50yfwd.jpg50 years forward. What does that mean? Is it asking where we will be in 2063 or is it asking where we have come from 1963? One could argue yes for either question or would it be more prudent to see being 50 years forward as we are always changing, accepting those around us without any prejudice to race, sex, creed or orientation. There are many facets of the civil rights movement and its understanding. We as a society have always been fighting for a form of equality. There has always been some form of intense oppression throughout history. Pick anytime and the signs of serfdom, slavery or a disregard for human’s basic civil rights can be found.  Is it ignorance that causes events that shackle people to happen? How do we stop people from hating someone because they are different?  How do we, as a society, stop people from hurting while giving them a chance to be everything they choose and want to be?

Birmingham, Alabama in 1963 became the epicenter for the progression of the civil rights movement. The South, since the Reconstruction days, has had a tumultuous time with progression on many fronts. Since the Civil War, the nation as a whole, passed laws that freed all men while in the south the individual laws of municipalities and states hindered the progress of life. Segregation became a theme. George Wallace spoke at his 1963 gubernatorial inauguration, “In the name of the greatest people that have ever trod this earth, I draw the line in the dust and toss the gauntlet before the feet of tyranny . . . and I say . . . segregation today . . . segregation tomorrow . . . segregation forever.” These words spoke to a great number of people that heard it. Not just in the south but the nation as a whole. A line was drawn in the sand and Alabama was the one who drew it. There was a great divide in the nation. Some people turned a blind eye towards it. Others stood their ground and participated on either keeping the “south alive” or for the rights that God gave them. All the Jim Crow laws, the lynchings, the hate speech, it all led to a man, a man powerful enough to let everyone know of his dream. Dr. Martin Luther King rallied this nation to see the oppression being leveled  against a population of the nation. Dr. King did this without ever raising his hand. He spoke of peace. Peace for all. However, this peace was not without loss. Many people died or were wrongly accused and jailed for crimes they didn’t commit while defending these basic rights of men. This peace was hard fought for men and women saying enough is enough. We are all created as one. We are all equal. The movement to see men as men regardless of the color of skin led into the rights of women and equal pay and rights as men. This transitioned into rights of gays and lesbians allowing us to accept anyone whom we love and not be discriminated for it. Sadly though, these rights are still being fought for by those still being discriminated against. We as a nation took a bold leap 50 years ago and have slowly been taking giant steps for the rights of others. We cannot falter or waiver on our morals. We must always look past what is different to us and accept that it might not be different for our neighbor. At our core we are and will always be human beings. Human beings who will fight for the right to live in peace. To be accepted by our peers. To achieve the greatness within. It’s our turn to continue striving for a better tomorrow. A tomorrow allowing us to be who we truly are without worrying if we will be bullied or discriminated against because of a perceived difference from the normalcy of life.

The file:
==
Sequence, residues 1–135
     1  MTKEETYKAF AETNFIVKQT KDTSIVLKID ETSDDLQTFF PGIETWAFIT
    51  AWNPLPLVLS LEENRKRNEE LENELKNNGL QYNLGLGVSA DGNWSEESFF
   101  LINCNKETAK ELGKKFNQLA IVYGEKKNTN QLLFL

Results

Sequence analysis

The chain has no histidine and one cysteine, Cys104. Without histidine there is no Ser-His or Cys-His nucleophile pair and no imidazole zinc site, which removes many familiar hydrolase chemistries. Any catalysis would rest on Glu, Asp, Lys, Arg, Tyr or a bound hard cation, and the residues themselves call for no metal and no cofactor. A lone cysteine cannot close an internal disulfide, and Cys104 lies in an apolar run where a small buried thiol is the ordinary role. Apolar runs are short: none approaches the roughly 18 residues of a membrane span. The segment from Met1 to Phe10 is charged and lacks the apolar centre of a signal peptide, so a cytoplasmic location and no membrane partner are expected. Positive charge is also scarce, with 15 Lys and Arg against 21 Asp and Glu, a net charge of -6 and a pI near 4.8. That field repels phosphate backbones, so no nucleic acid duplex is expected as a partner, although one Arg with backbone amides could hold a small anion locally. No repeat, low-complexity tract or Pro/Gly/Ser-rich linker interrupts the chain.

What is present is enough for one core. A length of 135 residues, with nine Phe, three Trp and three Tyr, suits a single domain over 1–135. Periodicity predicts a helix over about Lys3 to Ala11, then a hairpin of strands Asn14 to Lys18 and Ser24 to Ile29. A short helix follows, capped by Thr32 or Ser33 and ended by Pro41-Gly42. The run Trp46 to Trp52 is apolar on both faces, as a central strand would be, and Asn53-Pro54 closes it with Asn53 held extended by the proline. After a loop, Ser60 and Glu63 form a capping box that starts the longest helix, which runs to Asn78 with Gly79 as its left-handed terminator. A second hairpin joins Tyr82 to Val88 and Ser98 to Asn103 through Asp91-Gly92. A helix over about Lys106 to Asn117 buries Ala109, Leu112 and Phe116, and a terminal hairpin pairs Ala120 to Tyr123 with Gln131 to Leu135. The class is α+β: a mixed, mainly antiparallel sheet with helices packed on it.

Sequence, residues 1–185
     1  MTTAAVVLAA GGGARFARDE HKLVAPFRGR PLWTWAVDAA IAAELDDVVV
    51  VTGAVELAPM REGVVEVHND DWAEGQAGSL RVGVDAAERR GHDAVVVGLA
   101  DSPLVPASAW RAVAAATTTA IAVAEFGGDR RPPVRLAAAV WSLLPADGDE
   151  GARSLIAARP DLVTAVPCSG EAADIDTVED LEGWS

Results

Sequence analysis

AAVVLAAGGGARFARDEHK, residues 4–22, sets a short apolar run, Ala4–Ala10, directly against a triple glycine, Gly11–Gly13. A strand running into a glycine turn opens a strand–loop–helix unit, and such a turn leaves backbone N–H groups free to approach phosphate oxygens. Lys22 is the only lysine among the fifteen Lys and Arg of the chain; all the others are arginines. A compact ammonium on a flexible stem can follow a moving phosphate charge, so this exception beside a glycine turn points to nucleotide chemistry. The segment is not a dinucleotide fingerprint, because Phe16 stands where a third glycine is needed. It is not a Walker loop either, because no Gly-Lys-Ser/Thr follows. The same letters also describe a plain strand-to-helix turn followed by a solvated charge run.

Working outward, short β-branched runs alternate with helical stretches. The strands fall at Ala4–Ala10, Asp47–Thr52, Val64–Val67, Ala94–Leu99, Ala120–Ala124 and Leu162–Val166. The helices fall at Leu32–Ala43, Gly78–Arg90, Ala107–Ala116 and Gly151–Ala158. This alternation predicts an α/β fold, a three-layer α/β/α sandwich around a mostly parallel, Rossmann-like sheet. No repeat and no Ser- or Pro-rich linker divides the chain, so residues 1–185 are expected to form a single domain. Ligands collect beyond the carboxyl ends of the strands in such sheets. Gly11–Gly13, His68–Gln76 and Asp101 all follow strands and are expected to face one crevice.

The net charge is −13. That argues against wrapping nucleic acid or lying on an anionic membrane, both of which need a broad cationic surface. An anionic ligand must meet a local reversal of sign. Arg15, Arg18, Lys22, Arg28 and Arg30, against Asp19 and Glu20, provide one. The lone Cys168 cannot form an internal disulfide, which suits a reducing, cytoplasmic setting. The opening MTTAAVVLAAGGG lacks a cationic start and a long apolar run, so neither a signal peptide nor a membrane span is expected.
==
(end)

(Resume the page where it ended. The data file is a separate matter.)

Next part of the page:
What does it mean to be 50 years forward? It means being able to look at your neighbor as you look at yourself, accepting them for their uniqueness and originality. It means many things to those who ask the question. Whatever your reason, find your voice. Own who you are and stand shoulder to shoulder with your neighbor in solidarity. Be proud to say “I’m 50 years forward. Are you?”